Fundació Jaume Bofill Universitat Oberta de Catalunya (UOC)

Thinking about future challenges of education in Catalonia

Creating schools that prepare for the future

About the speaker

Richard Gerver

07/03/13 06.30 pm

Former head of Grange primary school, Long Eaton, UK, and an expert in leadership, creativity and organizational change


Main ideas


Richard Gerver, former head of Grange primary school, Long Eaton, UK, and expert in leadership, creativity and organizational change, believes that there are three key concepts that should shape the schools of the future: living, learning and laughing.



Schools must ensure that pupils live their lives to the full; that they hold their heads high, find out what they’re interested in and make the most of their skills and potential; that they find out who they are as individuals and as members of a group. All this has nothing to do with passing exams and getting good results.

Schools should reflect what pupils expect from them (the book entitled The school I would like is a collection of the opinions of young people from all over the UK about what their ideal school would be like).

Schools should not be about control, but about providing students with the tools they need for empowerment.

If we want children and young people to be innovative, to take risks, to want change, the first people who have to accept this challenge to change are the teachers, who are too often afraid of the risk and of changing the way they teach.



Education is one of the most valuable assets that a society can offer. But today’s education is based on teaching pupils how to pass exams, not how to really learn. This kind of education doesn’t motivate students (“you have to learn to be able to pass exams, which will let you go on learning to sit more and harder exams, which will let you go to university to continue learning to pass exams”). It is no surprise that so many young people want to leave the system: “I don’t want to take any more exams.”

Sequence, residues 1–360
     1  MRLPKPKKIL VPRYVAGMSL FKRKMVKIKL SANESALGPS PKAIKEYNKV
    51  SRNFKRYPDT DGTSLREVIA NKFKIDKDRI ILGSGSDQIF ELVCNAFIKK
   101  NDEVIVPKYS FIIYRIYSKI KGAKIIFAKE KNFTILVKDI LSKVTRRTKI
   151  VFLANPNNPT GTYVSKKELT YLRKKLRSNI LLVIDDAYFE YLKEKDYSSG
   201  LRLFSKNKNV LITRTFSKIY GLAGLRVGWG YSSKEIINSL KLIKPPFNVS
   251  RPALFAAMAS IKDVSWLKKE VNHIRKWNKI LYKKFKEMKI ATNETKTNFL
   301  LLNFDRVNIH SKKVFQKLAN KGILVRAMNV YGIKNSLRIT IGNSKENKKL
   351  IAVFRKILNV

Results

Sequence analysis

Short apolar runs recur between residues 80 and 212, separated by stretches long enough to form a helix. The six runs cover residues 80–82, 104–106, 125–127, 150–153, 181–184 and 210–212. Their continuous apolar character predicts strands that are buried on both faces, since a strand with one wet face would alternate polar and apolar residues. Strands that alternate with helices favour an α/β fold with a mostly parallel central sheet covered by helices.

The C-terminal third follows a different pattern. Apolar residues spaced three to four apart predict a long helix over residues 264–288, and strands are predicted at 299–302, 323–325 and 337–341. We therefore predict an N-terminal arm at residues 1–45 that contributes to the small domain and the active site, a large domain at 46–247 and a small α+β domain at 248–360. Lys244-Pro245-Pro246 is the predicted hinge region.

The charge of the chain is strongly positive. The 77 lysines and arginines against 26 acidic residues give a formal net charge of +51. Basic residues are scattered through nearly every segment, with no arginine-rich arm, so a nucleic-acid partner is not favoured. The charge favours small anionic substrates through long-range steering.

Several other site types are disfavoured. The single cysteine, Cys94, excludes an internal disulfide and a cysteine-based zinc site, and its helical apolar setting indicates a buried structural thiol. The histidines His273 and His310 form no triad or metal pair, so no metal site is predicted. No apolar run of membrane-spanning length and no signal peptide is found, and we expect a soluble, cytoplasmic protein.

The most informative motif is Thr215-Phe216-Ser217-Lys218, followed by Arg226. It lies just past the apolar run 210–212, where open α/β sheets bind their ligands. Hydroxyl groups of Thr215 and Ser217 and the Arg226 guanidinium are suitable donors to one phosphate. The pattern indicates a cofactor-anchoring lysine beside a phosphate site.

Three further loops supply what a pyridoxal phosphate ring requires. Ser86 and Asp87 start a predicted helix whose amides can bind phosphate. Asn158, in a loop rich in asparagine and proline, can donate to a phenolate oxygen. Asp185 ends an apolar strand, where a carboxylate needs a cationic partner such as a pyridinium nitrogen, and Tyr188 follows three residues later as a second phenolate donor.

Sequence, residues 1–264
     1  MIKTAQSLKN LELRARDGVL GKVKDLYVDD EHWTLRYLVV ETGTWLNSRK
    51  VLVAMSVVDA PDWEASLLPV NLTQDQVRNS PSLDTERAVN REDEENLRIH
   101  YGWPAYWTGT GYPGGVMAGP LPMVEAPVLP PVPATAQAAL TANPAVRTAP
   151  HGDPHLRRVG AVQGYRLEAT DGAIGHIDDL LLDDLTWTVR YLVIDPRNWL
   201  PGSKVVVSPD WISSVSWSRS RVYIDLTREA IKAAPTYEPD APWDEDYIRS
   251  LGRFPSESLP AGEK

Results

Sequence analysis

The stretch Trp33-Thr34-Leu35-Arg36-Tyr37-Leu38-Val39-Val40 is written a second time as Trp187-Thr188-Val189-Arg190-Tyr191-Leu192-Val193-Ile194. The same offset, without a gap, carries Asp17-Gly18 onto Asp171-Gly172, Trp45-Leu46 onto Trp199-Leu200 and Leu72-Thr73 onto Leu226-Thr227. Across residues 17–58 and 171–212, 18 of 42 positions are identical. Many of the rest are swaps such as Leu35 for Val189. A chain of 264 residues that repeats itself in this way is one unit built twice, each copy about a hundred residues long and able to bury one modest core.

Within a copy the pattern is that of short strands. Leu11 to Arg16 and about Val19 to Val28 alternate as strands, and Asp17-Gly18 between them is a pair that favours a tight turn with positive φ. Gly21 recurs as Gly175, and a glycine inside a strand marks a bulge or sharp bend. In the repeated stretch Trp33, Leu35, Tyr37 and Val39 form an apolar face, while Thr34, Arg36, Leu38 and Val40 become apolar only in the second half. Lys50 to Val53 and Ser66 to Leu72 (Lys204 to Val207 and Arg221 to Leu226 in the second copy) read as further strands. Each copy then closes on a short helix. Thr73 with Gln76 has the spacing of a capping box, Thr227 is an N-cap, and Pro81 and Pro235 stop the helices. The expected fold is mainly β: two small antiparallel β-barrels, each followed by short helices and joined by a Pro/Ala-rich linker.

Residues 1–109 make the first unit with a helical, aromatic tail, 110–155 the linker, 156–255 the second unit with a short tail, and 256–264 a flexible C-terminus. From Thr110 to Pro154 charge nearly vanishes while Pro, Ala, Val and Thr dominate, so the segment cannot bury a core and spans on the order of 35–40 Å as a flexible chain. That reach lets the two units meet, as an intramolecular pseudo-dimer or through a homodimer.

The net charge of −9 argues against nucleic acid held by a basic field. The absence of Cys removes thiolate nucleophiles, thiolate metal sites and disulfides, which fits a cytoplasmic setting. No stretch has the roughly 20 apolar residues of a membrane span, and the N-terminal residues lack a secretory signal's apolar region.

The learning has to be motivating, it has to be exciting and it has to be important at the time. Children and young people don’t think about the future. Learning has to offer something irresistible now.

There cannot be a one-size-fits-all type of education and it can’t be decided by politicians and unions. Education has to be adapted to each child and young person, and to their particular situation, and it has to the teacher who decides what this educations should be like. Our educational system should be designed with children’s development in mind.

Not all children are good at passing exams, but they all have potential that has to be brought to light and made the most of.



The learning environment has to be fun. Children have to have a good time.

Fear and control should not be hallmarks of education. Students who are scared cannot give their best. In a cheerful environment, students are more open and learn mutual respect.


Classical education leads to failure

Gerver believes that “classical formal education, based on passing exams, does not produce creative and innovative people prepared for the future that they will face in the 21st century, but people who are accustomed to being managed (used to being told what they have to learn and how they have to learn). Classical education leads to many people failing, because they expect to be managed”.

He gave an example of a changing trend. “China is one of the countries that gets the best results in the PISA report because it teaches people to pass exams. […] The challenge we face is to create educational systems for the  21st century which show how the world is there for the taking and that it is the young who invent their future, building on smiles and lifelong learning.”


This Debate on Education is sponsored by Obra Social "la Caixa" and its Internationalization at Home Plan.

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